If your blood oxygen levels are low, you may receive oxygen therapy to help them return to normal. Complications from bronchopneumonia can occur depending on the cause of the infection. Common complications can include: blood stream infections or sepsis buildup of fluid around the lungs, known as a pleural effusion respiratory failure heart conditions such as heart failure , heart attacks , and irregular rhythms Treatment in infants and children Your doctor will prescribe antibiotics if your child has a bacterial infection. Home care to ease symptoms is also an important step in managing this condition. Make sure your child gets enough fluids and rest.
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Share on Pinterest Anyone over 65 years of age is at risk of developing bronchopneumonia. The most common cause of bronchopneumonia is a bacterial lung infection, such as Streptococcus pneumoniae and Haemophilus influenza type b Hib. Viral and fungal lung infections can also causes pneumonia. Harmful germs can enter the bronchi and alveoli and begin to multiply. Symptoms often develop from this inflammation. Risk factors for developing bronchopneumonia include : being under the age of 2 years being over the age of 65 years smoking or excessive alcohol use recent respiratory infections, such as cold and the flu long-term lung diseases, such as COPD, cystic fibrosis , bronchiectasis, and asthma other health conditions, such as diabetes , heart failure , liver disease conditions that weaken the immune systems, such as HIV or certain autoimmune disorders taking drugs to suppress the immune system, such as for chemotherapy , organ transplantation, or long-term steroid use recent surgery or trauma Untreated or severe bronchopneumonia can lead to complications, particularly in at-risk people, such as young children, older adults, and those with weakened or suppressed immune systems.
In , worldwide , children under the age of 5 years died from pneumonia. This incidence of mortality was predominantly from bronchopneumonia. Complications of bronchopneumonia can include: Respiratory failure. This happens when the essential exchange of oxygen and carbon dioxide in the lungs begins to fail. People with respiratory failure may need a ventilator or breathing machine to assist with breathing. Acute respiratory distress syndrome ARDS. ARDS is a more severe form of respiratory failure and is life-threatening.
Sepsis can cause multiple organ failure and is life-threatening. Lung abscesses. These are pus-filled sacs that can form inside the lungs. Breathing problems, such as wheezing, are typical indications of bronchopneumonia.
But bronchopneumonia can cause similar symptoms to colds or the flu, which can sometimes make diagnosis difficult. If the doctor suspects bronchopneumonia, they may order one or more of the following tests to confirm the diagnosis or determine the type and severity of the condition: Chest X-ray or CT scan. These imaging tests allow a doctor to see inside the lungs and check for signs of infection. Blood tests. These can help detect signs of infection, such as an abnormal white blood cell count.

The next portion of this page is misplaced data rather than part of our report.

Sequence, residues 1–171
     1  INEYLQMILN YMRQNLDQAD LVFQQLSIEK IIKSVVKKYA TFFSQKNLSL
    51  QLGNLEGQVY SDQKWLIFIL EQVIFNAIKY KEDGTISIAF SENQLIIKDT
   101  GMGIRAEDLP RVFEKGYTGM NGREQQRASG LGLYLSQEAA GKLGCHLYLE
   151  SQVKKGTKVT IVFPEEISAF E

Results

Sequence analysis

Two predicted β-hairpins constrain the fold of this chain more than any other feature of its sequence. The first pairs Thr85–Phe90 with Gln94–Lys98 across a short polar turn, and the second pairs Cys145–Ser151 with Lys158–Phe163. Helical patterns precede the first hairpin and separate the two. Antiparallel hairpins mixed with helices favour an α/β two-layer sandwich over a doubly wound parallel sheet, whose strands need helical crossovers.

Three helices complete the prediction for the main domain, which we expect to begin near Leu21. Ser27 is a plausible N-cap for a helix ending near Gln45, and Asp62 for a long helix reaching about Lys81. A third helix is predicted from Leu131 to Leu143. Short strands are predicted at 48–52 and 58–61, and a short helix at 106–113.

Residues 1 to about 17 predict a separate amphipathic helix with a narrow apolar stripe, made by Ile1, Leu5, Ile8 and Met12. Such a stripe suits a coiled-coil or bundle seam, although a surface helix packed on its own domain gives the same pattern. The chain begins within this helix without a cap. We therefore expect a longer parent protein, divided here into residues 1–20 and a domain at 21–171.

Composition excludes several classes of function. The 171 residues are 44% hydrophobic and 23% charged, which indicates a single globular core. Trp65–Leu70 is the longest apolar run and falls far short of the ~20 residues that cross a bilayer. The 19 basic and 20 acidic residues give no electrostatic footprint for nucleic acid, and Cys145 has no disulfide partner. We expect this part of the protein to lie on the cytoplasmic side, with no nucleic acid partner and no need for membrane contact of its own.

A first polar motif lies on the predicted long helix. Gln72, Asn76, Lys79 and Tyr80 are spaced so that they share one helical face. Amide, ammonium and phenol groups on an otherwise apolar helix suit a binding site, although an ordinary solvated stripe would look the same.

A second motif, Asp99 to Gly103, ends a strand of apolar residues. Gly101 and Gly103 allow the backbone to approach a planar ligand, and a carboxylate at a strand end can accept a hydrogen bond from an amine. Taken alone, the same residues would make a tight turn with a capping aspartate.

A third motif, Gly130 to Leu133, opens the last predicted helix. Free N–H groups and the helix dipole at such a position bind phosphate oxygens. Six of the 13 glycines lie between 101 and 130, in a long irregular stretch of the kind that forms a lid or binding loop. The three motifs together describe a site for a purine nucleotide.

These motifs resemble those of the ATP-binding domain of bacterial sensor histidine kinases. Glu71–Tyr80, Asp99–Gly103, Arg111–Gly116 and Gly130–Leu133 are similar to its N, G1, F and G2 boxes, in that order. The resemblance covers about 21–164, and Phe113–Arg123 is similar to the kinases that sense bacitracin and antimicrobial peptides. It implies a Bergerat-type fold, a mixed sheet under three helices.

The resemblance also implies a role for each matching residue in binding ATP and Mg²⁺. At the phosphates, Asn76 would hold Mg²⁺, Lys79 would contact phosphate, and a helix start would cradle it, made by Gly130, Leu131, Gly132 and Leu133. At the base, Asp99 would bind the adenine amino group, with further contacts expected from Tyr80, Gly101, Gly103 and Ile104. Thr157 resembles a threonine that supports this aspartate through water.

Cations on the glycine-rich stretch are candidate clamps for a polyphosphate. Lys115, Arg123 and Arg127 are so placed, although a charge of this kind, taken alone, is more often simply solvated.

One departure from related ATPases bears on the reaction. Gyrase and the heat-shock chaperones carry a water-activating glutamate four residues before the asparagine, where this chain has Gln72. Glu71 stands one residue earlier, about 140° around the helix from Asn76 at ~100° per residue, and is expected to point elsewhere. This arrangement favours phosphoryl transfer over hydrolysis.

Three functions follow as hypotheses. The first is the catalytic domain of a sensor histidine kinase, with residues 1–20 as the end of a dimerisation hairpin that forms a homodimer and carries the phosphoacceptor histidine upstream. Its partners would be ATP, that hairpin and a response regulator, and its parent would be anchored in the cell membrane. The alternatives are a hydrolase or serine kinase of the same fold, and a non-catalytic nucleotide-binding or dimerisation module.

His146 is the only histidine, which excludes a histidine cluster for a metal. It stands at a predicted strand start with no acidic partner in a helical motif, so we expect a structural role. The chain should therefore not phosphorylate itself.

This procedure allows a doctor to see inside the lungs. Sputum culture. This is a laboratory test that can detect infection from the mucus that a person has coughed up. Pulse oximetry. This is a test used to calculate the amount of oxygen flowing through the bloodstream. Arterial blood gases. Share on Pinterest A person can treat mild bronchopneumonia at home.
Treatment for bronchopneumonia may depend on the type of infection and the severity of the condition. People without other health problems typically recover from bronchopneumonia within 1 to 3 weeks.
It is possible to treat mild forms of bronchopneumonia at home using a combination of rest and medication. But, more severe cases of bronchopneumonia may require hospital treatment. Doctors treat people whose bronchopneumonia is due to a bacterial infection with antibiotics. These drugs work by killing harmful bacteria in the lungs. Antibiotics do not work for viral infections. For viral bronchopneumonia, a doctor may prescribe an antiviral medication for people with the flu, or they may direct therapy at treating symptoms.
Bronchopneumonia due to a virus typically clears up in 1 to 3 weeks. For people with fungal bronchopneumonia, a doctor may prescribe antifungal medication. When recovering from bronchopneumonia, it is essential for a person to: get plenty of rest drink lots of fluids to help thin mucus and reduce discomfort when coughing take all medications, as their doctor directs Vaccination can prevent some forms of bronchopneumonia. The American Lung Association ALA recommend that children aged under five years and adults aged over 65 years should see a doctor about getting vaccinated against pneumococcal pneumonia, which is caused by bacteria.
This condition commonly results from a bacterial infection, but viral and fungal infections can also cause it.
Symptoms can vary but often include coughing, difficulty breathing, and fever. If left untreated or in certain people, bronchopneumonia can become serious and sometimes lead to death. This illness is particularly dangerous in young children, older adults, and those with certain other health conditions.
Typically, people who are not compromised by other health problems recover within a few weeks with appropriate treatment. Treatment can be at home or in the hospital, depending on the severity of the infection.
Vaccinations can help protect at-risk individuals from bronchopneumonia.
Bronchopneumonia: Symptoms, Risk Factors, and Treatment